Istvan Kerekes “Friends” Romania

As the director of Colors Of Life, do you ever feel overwhelmed by the enormity of the problem?

Of course I do, because facts and statistics confirm the seriousness of the situation in the United States and around the world. You can imagine my frustration when there is a chance to do more for children and, for circumstances alien to us, our projects must slow down. Time is critical when we must act or converge the public opinion towards a certain problem. I think that this is what we all should want with no hesitation: children that are safe, well, and taken care of.


Timothy Bouldry “Children Of LaChureca Junk Yard” Nicaragua

So by supporting Colors of Life and its events, a percentage of money raised goes to Every Child Matters?

Every year Colors Of Life chooses a new beneficiary. We carefully review a number of projects aimed to provide better care for underprivileged children, either nationally or internationally. This year, Colors of Life’s International Photo Contest is entirely dedicated to Every Child Matters, as we believe that their campaigns are socially worthy and important, and that images have a social function that can be helpful in the attempt to modify the viewers’ perception of a certain situation. We try to contain the cost of the Photo Contest organization, involving sponsors and receiving donations which allow us to put together the photo competition and prepare marketing material. Sometimes we raise awareness, like in this case, as the photographs will accompany the 2012 political campaign and we would like them to work as a whole. Sometimes we raise funds through their sale. The profit is totally destined to the organization we support.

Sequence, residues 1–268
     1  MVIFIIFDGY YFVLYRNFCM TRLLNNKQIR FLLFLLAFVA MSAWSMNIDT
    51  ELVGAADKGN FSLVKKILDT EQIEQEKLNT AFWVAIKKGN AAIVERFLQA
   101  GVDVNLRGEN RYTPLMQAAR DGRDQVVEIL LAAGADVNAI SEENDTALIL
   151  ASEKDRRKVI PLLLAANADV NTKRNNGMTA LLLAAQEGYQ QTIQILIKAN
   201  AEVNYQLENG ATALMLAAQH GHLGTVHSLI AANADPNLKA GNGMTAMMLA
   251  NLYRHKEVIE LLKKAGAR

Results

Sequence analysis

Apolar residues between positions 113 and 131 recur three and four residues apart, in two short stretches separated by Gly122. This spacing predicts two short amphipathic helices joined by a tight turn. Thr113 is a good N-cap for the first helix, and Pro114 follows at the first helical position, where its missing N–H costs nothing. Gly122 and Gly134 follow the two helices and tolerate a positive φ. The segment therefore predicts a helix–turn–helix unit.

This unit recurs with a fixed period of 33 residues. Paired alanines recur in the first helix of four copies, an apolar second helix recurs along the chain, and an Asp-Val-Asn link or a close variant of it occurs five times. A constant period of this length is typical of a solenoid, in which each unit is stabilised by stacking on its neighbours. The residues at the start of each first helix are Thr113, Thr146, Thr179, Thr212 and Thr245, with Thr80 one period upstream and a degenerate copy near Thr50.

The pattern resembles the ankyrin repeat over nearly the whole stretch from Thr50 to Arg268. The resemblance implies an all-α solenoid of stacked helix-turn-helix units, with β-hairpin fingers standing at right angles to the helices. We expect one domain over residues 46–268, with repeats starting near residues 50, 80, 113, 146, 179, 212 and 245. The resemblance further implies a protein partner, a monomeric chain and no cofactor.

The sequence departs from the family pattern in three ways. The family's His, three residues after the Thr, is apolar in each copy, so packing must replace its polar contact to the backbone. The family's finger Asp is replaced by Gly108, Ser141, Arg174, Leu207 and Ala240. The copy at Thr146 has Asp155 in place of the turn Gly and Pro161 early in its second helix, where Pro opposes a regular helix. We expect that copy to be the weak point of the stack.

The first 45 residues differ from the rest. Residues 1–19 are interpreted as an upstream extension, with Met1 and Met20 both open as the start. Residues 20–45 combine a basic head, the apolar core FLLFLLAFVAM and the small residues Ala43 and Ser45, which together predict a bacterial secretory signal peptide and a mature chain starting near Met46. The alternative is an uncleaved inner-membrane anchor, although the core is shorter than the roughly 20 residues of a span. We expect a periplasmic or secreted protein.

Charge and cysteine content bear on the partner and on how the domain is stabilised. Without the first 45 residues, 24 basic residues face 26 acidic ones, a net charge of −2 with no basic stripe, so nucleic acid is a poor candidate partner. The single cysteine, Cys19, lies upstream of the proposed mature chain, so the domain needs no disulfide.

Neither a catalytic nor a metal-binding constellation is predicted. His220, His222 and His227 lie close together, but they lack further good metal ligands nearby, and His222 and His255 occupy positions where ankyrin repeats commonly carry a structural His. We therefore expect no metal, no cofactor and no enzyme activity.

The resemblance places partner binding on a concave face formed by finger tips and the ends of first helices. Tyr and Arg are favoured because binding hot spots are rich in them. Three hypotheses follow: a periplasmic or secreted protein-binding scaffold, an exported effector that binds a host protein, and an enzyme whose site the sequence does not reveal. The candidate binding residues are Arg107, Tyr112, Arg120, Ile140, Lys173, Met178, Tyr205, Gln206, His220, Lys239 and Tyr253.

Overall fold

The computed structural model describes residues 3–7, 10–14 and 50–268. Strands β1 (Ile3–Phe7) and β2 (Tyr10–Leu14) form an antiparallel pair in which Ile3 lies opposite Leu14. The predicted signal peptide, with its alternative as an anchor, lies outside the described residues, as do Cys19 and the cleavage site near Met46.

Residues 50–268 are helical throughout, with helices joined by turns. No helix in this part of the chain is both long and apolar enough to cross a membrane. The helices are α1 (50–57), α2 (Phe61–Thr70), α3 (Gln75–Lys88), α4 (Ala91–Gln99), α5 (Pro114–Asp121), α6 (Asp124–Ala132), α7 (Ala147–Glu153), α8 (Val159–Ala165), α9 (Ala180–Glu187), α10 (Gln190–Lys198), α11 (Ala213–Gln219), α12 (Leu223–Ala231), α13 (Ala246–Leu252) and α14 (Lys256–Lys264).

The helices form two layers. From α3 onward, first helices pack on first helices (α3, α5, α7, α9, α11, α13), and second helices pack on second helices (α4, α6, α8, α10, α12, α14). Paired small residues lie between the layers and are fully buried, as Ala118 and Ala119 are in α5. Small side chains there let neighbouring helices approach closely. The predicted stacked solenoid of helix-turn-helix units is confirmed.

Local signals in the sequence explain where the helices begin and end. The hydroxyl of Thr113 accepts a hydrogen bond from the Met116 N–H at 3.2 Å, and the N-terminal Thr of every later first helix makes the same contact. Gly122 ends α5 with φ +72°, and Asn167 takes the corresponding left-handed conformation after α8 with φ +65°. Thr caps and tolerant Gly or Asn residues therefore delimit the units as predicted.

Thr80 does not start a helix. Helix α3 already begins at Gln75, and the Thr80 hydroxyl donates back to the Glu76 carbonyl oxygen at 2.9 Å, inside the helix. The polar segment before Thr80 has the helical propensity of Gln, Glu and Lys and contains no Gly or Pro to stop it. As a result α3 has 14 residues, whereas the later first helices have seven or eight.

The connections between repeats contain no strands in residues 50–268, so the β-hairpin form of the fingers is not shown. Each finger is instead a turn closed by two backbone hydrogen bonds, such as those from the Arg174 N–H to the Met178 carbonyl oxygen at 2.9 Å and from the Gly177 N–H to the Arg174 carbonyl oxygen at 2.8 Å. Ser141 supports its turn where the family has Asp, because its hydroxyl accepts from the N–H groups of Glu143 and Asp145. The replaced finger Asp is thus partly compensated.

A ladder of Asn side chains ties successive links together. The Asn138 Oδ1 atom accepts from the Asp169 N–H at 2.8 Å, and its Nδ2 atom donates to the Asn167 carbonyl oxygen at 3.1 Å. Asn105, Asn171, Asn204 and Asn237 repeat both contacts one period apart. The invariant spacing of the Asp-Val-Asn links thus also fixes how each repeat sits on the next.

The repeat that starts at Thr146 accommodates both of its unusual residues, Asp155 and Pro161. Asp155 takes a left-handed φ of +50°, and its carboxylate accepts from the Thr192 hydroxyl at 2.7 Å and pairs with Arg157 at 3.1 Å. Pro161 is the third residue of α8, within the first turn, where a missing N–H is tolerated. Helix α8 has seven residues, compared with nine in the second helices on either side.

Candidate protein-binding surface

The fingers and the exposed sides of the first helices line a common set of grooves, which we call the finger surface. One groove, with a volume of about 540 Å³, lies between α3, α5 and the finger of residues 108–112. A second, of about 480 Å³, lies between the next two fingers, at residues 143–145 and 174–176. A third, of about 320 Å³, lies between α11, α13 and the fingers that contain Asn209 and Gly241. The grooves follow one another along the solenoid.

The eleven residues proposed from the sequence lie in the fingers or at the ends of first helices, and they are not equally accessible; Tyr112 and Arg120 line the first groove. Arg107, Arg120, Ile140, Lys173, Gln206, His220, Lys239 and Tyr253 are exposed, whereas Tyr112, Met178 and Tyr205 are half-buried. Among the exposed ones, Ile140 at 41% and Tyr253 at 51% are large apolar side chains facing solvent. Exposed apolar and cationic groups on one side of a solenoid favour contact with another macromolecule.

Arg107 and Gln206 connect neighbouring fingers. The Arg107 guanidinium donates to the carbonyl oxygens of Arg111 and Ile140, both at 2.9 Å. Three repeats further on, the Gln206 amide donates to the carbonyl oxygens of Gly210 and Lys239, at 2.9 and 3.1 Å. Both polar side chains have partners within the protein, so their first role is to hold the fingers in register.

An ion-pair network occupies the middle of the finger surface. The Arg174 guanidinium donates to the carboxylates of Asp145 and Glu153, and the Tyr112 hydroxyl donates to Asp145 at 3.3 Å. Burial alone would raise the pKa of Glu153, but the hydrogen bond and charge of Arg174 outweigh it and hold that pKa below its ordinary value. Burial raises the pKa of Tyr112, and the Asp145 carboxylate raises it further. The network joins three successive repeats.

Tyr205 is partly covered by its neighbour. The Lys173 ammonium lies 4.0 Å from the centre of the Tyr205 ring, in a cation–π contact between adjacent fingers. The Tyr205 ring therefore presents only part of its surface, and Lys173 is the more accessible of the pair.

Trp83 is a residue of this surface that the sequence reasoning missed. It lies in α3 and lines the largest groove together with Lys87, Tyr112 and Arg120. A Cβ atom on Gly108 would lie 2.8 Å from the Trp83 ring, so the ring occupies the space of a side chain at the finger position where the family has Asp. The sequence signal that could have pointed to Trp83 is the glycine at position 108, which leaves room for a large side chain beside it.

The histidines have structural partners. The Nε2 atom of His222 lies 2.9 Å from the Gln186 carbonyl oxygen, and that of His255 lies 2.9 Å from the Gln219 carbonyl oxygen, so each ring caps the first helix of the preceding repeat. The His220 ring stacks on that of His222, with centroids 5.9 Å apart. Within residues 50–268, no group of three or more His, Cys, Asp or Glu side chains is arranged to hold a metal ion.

David-Lazar “Fading-Innocence”, Bangladesh

How do local artists and photographers get involved with the organization? Is there a deadline coming up?

There is never a deadline to receive donations or to participate to our programs, which are all listed online (www.colorsoflife.org and www.everychildmatters.org). There is a deadline, though, to participate in the photo contest, which requires a long time to be organized, and is published online on our webpage, on other social media like Facebook or Twitter, and finally on specialized photo magazines and blogs. This year’s photo contest closed in June. We are in the process of selecting our new beneficiary for 2012, and we hope that you will help by promoting and diffusing it in the wonderful Richmond artists’ community!!

Thank you Amalia for taking the time to talk with us. More information can be found at www.colorsoflife.org. Get involved!

Check out this video from the BBC on Every Child Matters
Michael Petit: America can fix problem of child abuse fatalities

R. Anthony Harris

R. Anthony Harris

I created Richmond, Virginia’s culture publication RVA Magazine and brought the first Richmond Mural Project to town. Designed the first brand for the Richmond’s First Fridays Artwalk and promoted the citywide “RVA” brand before the city adopted it as the official moniker. I threw a bunch of parties. Printed a lot of magazines. Met so many fantastic people in the process. Professional work: www.majormajor.me